but it was certainly not the most destructive event to
hit a major city.
On September 19, 1985, for example, an earthquake magnitude
8.1 struck Mexico City and a second one, magnitude 7.5, occurred
36 hours later. International agencies estimate the death toll
at more than 10,000 and as many as 100,000 housing units and countless
public buildings were destroyed. On January 17, 1995, an earthquake
magnitude 7.2 struck the Kobe area of Japan. The death toll was
5,500 and something like 35,000 persons were injured. About 180,000
buildings were damaged or destroyed.
It would have been interesting to learn how those two western
cities coped with and recovered from those destructive events.
It might also have helped to put New York in context by looking
at what happened in Tangshan, China, on July 28, 1976, when an
earthquake, magnitude 7.8, killed a quarter of a million people
and left only a small handful of buildings in the entire city
standing. It would have been helpfull and some did do this
to compare it to the far more destructive incident
in terms of impact on a single community that occurred
in Halifax on December 6, 1917 when a munitions' shop explosion
killed or injured one-fifth of the city's population in a few
seconds and started thousands of fires in the city's North End.
Another concern I had was the continual use by reporters of
words like "chaos" and "pandemonium" and "panic". Sometimes these
words came from the reporters themselves, sometimes interviewees
I have been studying destructive incidents for more than 30
years. That research has shown that there are many myths about
human behaviour before, during and after destructive incidents.
Most of these myths exist because of inaccurate media reports.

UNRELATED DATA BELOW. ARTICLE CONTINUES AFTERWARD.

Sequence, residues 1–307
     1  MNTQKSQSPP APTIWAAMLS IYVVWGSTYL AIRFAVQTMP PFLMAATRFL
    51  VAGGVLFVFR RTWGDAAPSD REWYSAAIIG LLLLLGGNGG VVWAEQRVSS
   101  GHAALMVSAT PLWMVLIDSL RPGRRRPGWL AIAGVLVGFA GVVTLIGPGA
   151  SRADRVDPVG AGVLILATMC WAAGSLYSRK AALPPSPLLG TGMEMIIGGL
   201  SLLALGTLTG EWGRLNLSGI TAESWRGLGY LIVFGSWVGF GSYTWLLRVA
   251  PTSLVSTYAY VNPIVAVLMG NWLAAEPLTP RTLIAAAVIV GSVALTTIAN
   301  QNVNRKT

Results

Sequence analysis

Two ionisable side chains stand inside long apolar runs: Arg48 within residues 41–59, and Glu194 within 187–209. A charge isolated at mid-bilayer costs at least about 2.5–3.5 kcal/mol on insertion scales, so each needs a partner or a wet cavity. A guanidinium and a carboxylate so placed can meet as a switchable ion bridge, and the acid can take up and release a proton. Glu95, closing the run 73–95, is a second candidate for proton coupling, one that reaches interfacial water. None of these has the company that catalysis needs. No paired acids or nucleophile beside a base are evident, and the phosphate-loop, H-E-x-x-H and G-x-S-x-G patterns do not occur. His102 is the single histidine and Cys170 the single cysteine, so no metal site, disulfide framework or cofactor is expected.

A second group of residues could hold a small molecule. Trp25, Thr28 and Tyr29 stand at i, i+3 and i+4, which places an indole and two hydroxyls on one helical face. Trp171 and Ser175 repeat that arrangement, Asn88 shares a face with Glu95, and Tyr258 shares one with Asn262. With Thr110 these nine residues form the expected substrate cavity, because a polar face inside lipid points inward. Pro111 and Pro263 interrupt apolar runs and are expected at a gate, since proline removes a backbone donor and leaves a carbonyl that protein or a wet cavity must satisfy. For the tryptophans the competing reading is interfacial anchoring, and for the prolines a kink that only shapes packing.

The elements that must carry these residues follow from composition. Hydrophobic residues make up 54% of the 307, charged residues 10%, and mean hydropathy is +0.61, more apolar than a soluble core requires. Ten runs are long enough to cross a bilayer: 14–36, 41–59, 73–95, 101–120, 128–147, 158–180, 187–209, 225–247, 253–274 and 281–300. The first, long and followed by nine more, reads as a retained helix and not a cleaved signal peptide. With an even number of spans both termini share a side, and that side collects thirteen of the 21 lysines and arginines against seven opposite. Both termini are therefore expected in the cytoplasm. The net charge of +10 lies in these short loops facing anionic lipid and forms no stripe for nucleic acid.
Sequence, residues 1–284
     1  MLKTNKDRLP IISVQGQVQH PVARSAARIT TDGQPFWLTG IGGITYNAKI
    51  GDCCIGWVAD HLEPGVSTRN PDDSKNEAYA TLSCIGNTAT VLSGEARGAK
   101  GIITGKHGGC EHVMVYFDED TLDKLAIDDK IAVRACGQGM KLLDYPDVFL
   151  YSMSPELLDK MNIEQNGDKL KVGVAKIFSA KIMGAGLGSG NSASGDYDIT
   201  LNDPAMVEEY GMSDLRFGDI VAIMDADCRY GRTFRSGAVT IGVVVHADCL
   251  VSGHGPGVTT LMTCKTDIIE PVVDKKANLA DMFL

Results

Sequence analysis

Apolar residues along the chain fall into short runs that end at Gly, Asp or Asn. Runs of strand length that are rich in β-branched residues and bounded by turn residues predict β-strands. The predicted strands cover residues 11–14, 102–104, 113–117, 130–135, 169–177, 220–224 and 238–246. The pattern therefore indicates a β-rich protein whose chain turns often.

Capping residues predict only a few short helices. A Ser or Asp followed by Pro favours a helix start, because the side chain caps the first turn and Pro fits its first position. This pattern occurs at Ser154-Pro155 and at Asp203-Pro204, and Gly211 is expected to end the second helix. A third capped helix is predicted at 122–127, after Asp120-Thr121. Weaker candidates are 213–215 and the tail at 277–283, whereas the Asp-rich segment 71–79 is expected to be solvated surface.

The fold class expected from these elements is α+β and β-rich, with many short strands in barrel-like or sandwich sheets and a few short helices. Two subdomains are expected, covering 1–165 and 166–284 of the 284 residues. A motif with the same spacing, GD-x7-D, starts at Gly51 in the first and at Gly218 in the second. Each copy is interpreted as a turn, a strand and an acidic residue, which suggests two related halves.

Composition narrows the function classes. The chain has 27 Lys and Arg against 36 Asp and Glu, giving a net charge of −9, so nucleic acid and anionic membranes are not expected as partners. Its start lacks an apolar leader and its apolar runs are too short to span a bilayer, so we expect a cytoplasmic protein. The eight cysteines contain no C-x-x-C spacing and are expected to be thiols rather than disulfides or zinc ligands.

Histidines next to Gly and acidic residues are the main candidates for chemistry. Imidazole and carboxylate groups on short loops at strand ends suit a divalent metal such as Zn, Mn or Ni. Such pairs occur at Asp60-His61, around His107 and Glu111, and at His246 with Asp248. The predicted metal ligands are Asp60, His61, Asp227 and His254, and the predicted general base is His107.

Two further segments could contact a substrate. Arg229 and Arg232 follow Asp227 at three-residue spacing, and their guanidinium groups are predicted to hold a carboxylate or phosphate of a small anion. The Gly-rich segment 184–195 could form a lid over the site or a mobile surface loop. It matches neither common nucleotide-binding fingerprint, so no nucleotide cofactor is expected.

Journalists believe that victims will be dazed and confused
and in shock and that there is a real possibility of panic. In
fact, in most emergencies, survivors do most, if not all, of the
initial search and rescue. Panic is so rare it is almost impossible
to study. And flight behaviour is not panic. Running for safety
when a building is collapsing above your head is common sense
Some journalists did try to dispel these myths. I had calls
from Peter Calamai of the Toronto Star and Dave Stephens
of CBC Radio's Ontario Today. However, their attempts were a drop
in the bucket of misleading coverage.
The fact is as far as I could tell those at the
World Trade Center behaved for the most part just as other victims
have elsewhere. Many calmly walked down from near the top of the
towers, even when security personnel were telling them over public
address systems that they were not in danger.
As for the evacuation of the towers, we did hear anecdotal evidence
about what happened. But most of what we heard came from emergency
personnel and officials such as the mayor of New York and governor
of the state. That reflects the media's "command post" view of
coverage. A little thought would have made journalists realize
that an accurate picture of what happened in those buildings could
not come from an official. It might have come from Dennis Wenger*
at Texas A & M who studied how people in the World Trade Center
left the building after a bomb exploded in 1993.
There are two other things about the coverage that surprised